Hong Kong: China accuses UK of ‘gross interference’ over citizenship offer

‘If you want to make China a hostile country, you will have to bear the consequences,’ ambassador warns

Hong Kong: What is happening in the Asian economic hub?

China has accused the UK of “gross interference” in internal affairs over Britain’s citizenship offer to some Hong Kongers following the passing of the controversial security law.

Liu Xiaoming, the Chinese ambassador to the UK, used a press conference on Monday to defend the legislation that clamps down on liberties as necessary to “prevent, suppress and punish collusion with a foreign country”.

He accused the UK government of “political manipulation” over offering some three million residents with British National Overseas (BNO) passports the right to settle in the UK and ultimately apply for citizenship.

“The UK government keeps making irresponsible remarks on Hong Kong affairs,” he said.

“The UK has no sovereignty, jurisdiction or right of supervision over Hong Kong after handover.”

Boris Johnson pledged the move last week after deciding China had committed a “clear and serious breach” of the Sino-British Joint Declaration that aimed to smooth the transition when the territory was handed back to China in 1997.

It follows the imposition by Beijing of a so-called national security law that has already seen pro-democracy books removed from libraries in the city.

Mr Liu also accused some British politicians of portraying China as a “threat” or a “hostile country” when discussing Huawei’s role in the 5G network.

“We want to be your friend, we want to be your partner, but if you want to make China a hostile country you have to bear the consequences,” he warned.

But he declined to spell out how Beijing will retaliate after the nation said it reserves “the right to take corresponding measures”.

Instead, he said “we have to wait and see” exactly how Britain moves forward.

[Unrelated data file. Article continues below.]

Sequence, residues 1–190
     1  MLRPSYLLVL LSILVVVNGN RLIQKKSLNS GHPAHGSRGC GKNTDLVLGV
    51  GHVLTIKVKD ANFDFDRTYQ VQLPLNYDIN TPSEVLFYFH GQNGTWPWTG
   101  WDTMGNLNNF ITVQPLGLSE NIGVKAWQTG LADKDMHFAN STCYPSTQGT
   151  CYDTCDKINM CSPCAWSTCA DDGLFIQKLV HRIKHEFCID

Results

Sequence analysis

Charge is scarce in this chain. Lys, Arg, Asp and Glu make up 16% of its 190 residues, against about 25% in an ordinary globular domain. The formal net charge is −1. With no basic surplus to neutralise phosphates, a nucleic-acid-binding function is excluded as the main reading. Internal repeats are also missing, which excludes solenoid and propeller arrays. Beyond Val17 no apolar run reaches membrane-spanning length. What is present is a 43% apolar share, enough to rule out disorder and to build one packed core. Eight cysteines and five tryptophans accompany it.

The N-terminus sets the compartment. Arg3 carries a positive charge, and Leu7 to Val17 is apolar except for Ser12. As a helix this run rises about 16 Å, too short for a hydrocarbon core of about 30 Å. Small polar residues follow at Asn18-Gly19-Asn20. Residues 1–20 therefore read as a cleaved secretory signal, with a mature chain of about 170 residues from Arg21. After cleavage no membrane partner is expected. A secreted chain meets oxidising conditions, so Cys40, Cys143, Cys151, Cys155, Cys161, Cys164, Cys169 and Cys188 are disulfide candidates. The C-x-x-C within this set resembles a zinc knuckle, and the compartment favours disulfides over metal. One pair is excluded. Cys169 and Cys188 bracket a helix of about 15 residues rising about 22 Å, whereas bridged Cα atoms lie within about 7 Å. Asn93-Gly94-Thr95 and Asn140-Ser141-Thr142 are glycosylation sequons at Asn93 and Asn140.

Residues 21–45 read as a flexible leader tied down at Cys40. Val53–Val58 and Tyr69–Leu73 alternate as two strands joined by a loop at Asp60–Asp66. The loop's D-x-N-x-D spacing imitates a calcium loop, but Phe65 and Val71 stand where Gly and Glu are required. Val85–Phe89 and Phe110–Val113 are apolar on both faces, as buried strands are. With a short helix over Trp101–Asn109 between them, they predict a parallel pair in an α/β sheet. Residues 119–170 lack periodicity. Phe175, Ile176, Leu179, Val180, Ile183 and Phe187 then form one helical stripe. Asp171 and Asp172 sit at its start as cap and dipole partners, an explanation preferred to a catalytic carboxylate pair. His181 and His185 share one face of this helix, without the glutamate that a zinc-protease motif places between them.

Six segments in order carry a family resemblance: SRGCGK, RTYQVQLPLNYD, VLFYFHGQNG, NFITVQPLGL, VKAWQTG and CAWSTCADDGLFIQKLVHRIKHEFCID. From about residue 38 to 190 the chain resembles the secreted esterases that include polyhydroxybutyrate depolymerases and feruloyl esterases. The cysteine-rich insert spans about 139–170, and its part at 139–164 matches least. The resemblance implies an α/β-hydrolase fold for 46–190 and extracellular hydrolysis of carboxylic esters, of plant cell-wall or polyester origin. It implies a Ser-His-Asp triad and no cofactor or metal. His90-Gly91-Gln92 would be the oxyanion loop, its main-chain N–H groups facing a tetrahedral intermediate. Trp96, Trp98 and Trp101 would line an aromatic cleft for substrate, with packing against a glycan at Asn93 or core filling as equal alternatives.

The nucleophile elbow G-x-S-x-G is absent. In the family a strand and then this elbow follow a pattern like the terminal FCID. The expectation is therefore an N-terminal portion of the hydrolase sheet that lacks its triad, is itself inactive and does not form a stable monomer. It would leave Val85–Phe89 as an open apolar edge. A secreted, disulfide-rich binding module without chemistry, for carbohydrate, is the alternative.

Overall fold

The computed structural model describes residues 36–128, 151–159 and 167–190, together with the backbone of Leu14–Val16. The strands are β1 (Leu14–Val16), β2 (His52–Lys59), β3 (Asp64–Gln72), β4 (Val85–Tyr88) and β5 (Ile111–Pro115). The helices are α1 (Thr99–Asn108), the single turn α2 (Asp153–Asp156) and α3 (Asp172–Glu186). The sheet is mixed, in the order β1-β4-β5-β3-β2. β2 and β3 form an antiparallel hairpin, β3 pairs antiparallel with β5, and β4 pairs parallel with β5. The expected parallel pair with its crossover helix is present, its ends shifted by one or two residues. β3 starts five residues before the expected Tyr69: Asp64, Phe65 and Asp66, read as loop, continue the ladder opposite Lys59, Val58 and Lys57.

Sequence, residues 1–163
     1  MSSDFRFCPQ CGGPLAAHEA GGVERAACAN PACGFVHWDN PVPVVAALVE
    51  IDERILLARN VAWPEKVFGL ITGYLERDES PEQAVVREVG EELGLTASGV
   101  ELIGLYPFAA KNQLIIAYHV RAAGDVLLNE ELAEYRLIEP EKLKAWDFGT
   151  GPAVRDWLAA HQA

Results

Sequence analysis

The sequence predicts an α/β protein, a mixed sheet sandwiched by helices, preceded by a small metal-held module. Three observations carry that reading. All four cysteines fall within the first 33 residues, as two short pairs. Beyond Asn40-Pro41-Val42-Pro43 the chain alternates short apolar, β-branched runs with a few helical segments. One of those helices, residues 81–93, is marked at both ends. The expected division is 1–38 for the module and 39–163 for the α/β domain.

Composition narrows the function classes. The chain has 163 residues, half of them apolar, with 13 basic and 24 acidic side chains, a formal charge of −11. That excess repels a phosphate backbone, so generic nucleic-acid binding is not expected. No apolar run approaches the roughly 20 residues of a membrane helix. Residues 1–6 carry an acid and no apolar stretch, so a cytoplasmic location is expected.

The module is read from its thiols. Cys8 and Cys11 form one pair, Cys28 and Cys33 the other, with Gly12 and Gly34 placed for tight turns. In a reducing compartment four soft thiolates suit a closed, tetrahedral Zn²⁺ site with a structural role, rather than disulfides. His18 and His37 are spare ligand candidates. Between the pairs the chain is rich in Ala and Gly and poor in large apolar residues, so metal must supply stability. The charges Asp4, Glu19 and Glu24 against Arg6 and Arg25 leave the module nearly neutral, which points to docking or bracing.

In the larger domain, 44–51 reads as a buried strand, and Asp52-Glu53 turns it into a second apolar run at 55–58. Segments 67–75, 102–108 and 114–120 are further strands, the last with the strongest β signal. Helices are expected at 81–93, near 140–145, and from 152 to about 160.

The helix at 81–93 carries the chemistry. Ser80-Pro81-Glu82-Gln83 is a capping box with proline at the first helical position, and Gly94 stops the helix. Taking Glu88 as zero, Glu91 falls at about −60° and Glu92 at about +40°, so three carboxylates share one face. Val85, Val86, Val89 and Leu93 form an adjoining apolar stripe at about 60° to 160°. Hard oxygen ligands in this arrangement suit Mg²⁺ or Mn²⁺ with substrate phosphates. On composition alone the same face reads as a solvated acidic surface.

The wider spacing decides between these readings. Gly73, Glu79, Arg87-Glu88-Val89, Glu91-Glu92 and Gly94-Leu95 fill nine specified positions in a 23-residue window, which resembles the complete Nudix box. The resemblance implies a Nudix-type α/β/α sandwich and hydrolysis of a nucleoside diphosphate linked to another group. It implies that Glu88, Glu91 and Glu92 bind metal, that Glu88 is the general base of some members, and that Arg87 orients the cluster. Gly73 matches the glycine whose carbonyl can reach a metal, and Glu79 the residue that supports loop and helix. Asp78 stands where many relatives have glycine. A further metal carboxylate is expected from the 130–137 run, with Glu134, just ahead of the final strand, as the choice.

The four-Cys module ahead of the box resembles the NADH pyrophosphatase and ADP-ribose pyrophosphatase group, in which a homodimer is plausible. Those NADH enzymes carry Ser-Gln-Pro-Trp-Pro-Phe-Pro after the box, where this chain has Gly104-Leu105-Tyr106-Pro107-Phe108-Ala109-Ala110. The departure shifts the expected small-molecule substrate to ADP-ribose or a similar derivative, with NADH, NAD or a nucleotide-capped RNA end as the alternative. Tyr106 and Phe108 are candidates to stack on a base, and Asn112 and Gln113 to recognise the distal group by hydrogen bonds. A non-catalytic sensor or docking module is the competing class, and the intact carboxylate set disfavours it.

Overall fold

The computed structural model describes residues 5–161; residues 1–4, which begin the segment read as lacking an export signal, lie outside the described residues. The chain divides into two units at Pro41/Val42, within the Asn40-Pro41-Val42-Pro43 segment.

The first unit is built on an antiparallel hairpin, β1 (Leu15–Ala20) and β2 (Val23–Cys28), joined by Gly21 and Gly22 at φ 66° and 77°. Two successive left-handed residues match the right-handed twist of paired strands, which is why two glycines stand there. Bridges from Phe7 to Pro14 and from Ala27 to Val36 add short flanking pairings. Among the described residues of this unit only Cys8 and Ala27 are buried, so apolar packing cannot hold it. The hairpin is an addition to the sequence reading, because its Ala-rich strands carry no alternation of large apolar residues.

A man is detained by riot police during a demonstration against the new law (Getty Images)

“Our first response is we criticise the British move, we don’t think they’ve honoured their commitment,” he said.

“Secondly, we think it’s an interference into China’s internal affairs. I think this is a political manipulation against this national security law.”

He argued the legislation was needed to safeguard Hong Kong from “external elements” amid sustained pro-independence protests in the city.

“Attempts to disrupt or obstruct the implementation of the national security law for Hong Kong SAR (special administrative region) will be met with the strong opposition of 1.4 billion Chinese people,” Mr Liu said.

“All these attempts are doomed to failure.”

Protesters display blank sheets of white paper during a protest over freedom of speech in a shopping mall in Hong Kong on Monday

Downing Street later urged China not to interfere if British National (Overseas) passport holders sought to come to the UK.

The prime minister’s official spokesman said: “We would expect China to understand the importance of adhering to international law.”

The UK is also reviewing extradition arrangements with Hong Kong.

“We are currently assessing the national security law and its legal ramifications in terms of extradition with Hong Kong,” the spokesman said.

“There are already extensive extradition safeguards in the UK. The courts are required to bar a person’s extradition to any country if it would be incompatible with their human rights or if the request appears to be motivated by their political opinion.”

Additional reporting by agencies

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